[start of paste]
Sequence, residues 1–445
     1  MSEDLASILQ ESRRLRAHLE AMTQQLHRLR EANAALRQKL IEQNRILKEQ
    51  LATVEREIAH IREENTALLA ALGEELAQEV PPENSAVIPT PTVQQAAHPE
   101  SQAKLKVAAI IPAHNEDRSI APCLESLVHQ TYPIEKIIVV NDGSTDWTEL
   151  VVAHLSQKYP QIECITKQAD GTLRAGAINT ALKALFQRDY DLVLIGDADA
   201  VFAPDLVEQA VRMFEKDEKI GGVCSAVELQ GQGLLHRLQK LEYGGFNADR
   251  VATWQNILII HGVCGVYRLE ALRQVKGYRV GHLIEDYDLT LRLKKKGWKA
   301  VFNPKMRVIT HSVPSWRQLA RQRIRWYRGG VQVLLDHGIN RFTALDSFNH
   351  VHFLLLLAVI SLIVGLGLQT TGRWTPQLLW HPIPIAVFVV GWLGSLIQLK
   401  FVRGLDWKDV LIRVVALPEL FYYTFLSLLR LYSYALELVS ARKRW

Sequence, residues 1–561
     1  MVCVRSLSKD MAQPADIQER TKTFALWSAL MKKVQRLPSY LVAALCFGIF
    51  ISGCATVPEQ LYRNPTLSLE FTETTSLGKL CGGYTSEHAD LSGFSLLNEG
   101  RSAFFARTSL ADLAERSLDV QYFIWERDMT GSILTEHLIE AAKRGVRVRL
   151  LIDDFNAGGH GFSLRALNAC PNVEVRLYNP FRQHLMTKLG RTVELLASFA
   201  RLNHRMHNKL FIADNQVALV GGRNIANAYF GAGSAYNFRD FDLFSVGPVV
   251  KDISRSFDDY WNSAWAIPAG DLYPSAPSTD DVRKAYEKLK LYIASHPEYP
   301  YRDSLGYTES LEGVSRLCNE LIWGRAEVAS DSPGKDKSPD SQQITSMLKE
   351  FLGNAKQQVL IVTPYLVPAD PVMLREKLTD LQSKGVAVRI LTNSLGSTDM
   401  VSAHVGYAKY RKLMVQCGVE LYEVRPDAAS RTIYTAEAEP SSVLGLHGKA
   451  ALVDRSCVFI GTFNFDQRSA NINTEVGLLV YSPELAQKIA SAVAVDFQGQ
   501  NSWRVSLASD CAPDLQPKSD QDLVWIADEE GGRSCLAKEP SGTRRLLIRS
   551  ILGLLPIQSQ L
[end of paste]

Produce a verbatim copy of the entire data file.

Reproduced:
Sequence, residues 1–445
     1  MSEDLASILQ ESRRLRAHLE AMTQQLHRLR EANAALRQKL IEQNRILKEQ
    51  LATVEREIAH IREENTALLA ALGEELAQEV PPENSAVIPT PTVQQAAHPE
   101  SQAKLKVAAI IPAHNEDRSI APCLESLVHQ TYPIEKIIVV NDGSTDWTEL
   151  VVAHLSQKYP QIECITKQAD GTLRAGAINT ALKALFQRDY DLVLIGDADA
   201  VFAPDLVEQA VRMFEKDEKI GGVCSAVELQ GQGLLHRLQK LEYGGFNADR
   251  VATWQNILII HGVCGVYRLE ALRQVKGYRV GHLIEDYDLT LRLKKKGWKA
   301  VFNPKMRVIT HSVPSWRQLA RQRIRWYRGG VQVLLDHGIN RFTALDSFNH
   351  VHFLLLLAVI SLIVGLGLQT TGRWTPQLLW HPIPIAVFVV GWLGSLIQLK
   401  FVRGLDWKDV LIRVVALPEL FYYTFLSLLR LYSYALELVS ARKRW

Sequence, residues 1–561
     1  MVCVRSLSKD MAQPADIQER TKTFALWSAL MKKVQRLPSY LVAALCFGIF
    51  ISGCATVPEQ LYRNPTLSLE FTETTSLGKL CGGYTSEHAD LSGFSLLNEG
   101  RSAFFARTSL ADLAERSLDV QYFIWERDMT GSILTEHLIE AAKRGVRVRL
   151  LIDDFNAGGH GFSLRALNAC PNVEVRLYNP FRQHLMTKLG RTVELLASFA
   201  RLNHRMHNKL FIADNQVALV GGRNIANAYF GAGSAYNFRD FDLFSVGPVV
   251  KDISRSFDDY WNSAWAIPAG DLYPSAPSTD DVRKAYEKLK LYIASHPEYP
   301  YRDSLGYTES LEGVSRLCNE LIWGRAEVAS DSPGKDKSPD SQQITSMLKE
   351  FLGNAKQQVL IVTPYLVPAD PVMLREKLTD LQSKGVAVRI LTNSLGSTDM
   401  VSAHVGYAKY RKLMVQCGVE LYEVRPDAAS RTIYTAEAEP SSVLGLHGKA
   451  ALVDRSCVFI GTFNFDQRSA NINTEVGLLV YSPELAQKIA SAVAVDFQGQ
   501  NSWRVSLASD CAPDLQPKSD QDLVWIADEE GGRSCLAKEP SGTRRLLIRS
   551  ILGLLPIQSQ L